Alan Kashi, accused of being a jeweler to drug dealers, pleaded guilty Tuesday to violating an IRS reporting requirement, and his attorney said he's paying the government nearly $1 million and encouraging others to respect the law.
Mr. Kashi, 32, of Squirrel Hill was charged following a yearlong probe by IRS Criminal Investigations, said assistant U.S. attorney Carolyn Bloch. She said informants told agents that Mr. Kashi "would willingly agree not to prepare the required paperwork" that merchants must submit to the IRS when they receive $10,000 or more.
Twice in 2012 an IRS agent went to the Downtown Kashi Jewelers store and bought Breitling watches for more than $10,000, telling store staff that the money came from cocaine distribution, according to an affidavit filed in federal court. The IRS investigator wrote in the affidavit that the Fifth Avenue store "engaged in numerous cash transactions in excess of $10,000 with known drug traffickers."
Mr. Kashi pleaded guilty to one count of failing to file a report of a transaction of $10,000 or more.
"I'm here to accept my responsibility," he told U.S. District Judge Gustave Diamond.
"I think that probably a number of people who deal in drugs buy jewelry at both Kashi and all the other jewelry stores," said Mr. Kashi's attorney, Stanton Levenson. "I would say that the Kashis have certainly become much more mindful" of such matters, he said.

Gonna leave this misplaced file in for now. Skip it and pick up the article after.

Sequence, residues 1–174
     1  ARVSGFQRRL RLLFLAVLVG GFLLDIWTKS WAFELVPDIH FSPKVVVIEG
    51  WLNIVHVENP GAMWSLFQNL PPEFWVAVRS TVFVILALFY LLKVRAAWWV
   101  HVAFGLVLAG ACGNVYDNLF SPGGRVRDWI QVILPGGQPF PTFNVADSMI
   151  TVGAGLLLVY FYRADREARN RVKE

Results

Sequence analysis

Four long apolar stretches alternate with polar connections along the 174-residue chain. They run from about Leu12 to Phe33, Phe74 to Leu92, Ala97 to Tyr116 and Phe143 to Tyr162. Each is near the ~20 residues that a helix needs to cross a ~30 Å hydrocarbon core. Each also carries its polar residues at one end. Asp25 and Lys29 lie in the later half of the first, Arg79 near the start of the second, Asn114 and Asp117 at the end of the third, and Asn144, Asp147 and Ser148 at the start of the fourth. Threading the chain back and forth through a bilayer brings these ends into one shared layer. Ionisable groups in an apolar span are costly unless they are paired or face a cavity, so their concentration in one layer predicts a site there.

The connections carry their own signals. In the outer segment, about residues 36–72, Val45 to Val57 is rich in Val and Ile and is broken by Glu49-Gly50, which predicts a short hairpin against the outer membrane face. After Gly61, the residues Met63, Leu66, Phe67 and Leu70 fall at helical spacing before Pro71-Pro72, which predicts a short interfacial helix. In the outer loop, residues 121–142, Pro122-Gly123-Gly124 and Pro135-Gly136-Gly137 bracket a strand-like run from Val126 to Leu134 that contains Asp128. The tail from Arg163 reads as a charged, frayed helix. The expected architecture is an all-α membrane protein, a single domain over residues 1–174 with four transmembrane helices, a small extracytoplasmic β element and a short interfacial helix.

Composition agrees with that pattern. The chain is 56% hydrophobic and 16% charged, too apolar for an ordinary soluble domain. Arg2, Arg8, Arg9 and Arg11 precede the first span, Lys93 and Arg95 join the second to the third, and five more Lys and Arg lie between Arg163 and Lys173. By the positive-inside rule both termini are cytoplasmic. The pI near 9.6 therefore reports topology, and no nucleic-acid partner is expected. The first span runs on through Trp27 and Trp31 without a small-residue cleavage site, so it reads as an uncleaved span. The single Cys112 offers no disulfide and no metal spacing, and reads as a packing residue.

"If somebody walked into Kashi and said, 'Look I'm a drug dealer, I've got $11,000 and I want to buy a watch,' they aren't going to do business with the guy."
He added that Mr. Kashi has posted on YouTube public service videos regarding the requirement that merchants report five-figure transactions.
Mr. Kashi's plea agreement demands that he forfeit to the federal government the $933,075 that IRS agents found in the Downtown store's two safes during a February search.
"That was money that had not yet been reported," said Mr. Levenson. "The government took the position that it was unreported income and therefore forfeitable to the government."
Federal sentencing guidelines suggest he could face upwards of six months in prison, but they don't rule out probation. Mr. Kashi could also face fines.
Judge Diamond scheduled sentencing for May 14.
Rich Lord: firstname.lastname@example.org or 412-263-1542. Twitter: @richelord. First Published January 14, 2014 12:52 PM